Picking up from where we left off yesterday, I had my idea and did my sketch. But it wasn’t enough. I had to do some more research on Edwardian clothing because all I had to go on was that photo of Bernard Cribbins.
To start my research, I had to search Google Images for straw boaters and Edwardian striped blazers. Besides Google Images for research, I scoured the web for websites about Edwardian fashion.
I also had to pull out my copy of James Gurney’s renowned book Imaginative Realism (which I will review in the future) for some strategies. Gurney talks a bit about costumes in one part of the book. He says that while good costumes can be hard to get, having a real costume (or a good image thereof) can make a huge difference in finished pictures. It’s obvious that one can tell a costume made up against a costume designed from reference. This does tie into my own training about researching everything even if you think you know how to draw it.
So what did I do? In addition to images, I found a few websites that talked about men’s fashions during the Edwardian era. One of them was “Dressing the Edwardian Man” from Edwardian Promenade. Indeed it was a goldmine of information and gave a nice overview of said fashion, but it wasn’t enough. I found some websites that sold costumes and reproductions based on reference from that era – one was Vintage Costumers and another was Gentlemen’s Emporium. After more studying and making notes, I pulled out my colored pencils, did a line copy of my sketch and made a color study.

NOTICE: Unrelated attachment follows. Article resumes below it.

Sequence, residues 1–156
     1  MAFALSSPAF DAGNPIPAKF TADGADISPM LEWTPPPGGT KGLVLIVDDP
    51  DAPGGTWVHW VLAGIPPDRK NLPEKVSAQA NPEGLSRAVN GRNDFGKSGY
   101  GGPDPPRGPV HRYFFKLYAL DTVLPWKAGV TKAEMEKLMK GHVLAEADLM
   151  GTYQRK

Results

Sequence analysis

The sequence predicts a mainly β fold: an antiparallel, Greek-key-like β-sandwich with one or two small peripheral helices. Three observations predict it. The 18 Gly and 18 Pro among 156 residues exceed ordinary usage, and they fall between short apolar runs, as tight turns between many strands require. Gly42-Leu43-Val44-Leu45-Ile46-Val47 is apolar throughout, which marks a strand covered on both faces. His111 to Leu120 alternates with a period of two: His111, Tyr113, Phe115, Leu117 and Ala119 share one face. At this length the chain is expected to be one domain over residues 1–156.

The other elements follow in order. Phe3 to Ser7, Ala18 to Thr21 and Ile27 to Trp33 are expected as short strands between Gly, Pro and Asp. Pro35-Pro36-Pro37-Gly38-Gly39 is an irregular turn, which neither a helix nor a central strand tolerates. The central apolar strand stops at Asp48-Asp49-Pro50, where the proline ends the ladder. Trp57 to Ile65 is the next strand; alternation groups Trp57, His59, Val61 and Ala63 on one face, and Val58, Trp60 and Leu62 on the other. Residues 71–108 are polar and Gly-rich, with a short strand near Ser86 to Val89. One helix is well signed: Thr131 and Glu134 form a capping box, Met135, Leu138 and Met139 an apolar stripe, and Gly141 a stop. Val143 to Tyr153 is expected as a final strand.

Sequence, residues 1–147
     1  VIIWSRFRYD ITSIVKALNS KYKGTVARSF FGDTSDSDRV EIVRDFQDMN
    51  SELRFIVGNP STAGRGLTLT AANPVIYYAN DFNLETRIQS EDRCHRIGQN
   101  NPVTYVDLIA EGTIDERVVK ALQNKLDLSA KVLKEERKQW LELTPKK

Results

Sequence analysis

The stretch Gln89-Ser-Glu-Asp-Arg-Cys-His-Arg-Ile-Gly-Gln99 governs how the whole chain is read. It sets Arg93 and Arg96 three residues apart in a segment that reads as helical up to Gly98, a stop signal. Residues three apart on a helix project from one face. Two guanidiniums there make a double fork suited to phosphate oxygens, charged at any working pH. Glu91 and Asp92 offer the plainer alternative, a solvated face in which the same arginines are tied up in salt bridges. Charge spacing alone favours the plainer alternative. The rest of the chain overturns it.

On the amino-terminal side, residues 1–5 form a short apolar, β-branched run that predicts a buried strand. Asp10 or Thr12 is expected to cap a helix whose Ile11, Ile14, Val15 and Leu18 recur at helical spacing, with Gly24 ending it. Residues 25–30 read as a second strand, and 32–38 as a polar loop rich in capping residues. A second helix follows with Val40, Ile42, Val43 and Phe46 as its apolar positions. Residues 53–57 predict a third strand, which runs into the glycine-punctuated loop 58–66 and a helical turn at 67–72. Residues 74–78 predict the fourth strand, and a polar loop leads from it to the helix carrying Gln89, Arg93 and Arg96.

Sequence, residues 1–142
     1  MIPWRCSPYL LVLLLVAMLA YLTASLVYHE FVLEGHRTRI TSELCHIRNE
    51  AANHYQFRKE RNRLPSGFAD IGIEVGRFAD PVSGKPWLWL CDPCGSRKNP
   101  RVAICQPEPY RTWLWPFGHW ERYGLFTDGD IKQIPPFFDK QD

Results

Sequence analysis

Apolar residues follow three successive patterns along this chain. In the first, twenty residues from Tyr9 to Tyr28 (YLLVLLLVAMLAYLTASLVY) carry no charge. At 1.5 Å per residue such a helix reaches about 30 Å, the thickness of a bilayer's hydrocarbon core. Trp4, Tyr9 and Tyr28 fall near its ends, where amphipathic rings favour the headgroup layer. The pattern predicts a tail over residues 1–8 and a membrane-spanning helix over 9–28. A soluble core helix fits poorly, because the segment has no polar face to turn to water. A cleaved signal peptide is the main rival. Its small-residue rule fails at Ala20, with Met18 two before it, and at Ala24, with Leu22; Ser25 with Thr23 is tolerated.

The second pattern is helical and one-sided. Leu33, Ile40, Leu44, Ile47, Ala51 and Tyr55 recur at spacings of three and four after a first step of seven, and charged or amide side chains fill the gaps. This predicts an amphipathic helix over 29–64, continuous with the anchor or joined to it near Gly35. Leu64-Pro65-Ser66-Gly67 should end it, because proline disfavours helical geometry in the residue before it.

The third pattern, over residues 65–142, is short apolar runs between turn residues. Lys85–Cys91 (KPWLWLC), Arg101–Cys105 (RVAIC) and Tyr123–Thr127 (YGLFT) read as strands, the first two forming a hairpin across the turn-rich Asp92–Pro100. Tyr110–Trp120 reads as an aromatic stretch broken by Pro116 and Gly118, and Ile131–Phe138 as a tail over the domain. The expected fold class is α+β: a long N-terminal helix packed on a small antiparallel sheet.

Color studies are a must for any sort of painting or color illustrations; it’s better to find out here that the color scheme you chose doesn’t work rather than do your painting and find out it doesn’t work. In the end, I felt the colors were what I wanted and then decided to start the painting.
I got out my round watercolor brushes, a block of 7×10 inch watercolor paper, palettes, a water container and paint tubes. I used acrylic and gouache paints for this project. I have a variety of paint brands here like Holbein, Golden, Winsor & Newton and Liquitex. I can’t recommend any specific brand of paint; you’ll have to do that research on your own. What I will say though is make sure you get something of quality; don’t buy the cheapest paints you can find.
Then came the actual painting process…but that, my friends, is another post for another day.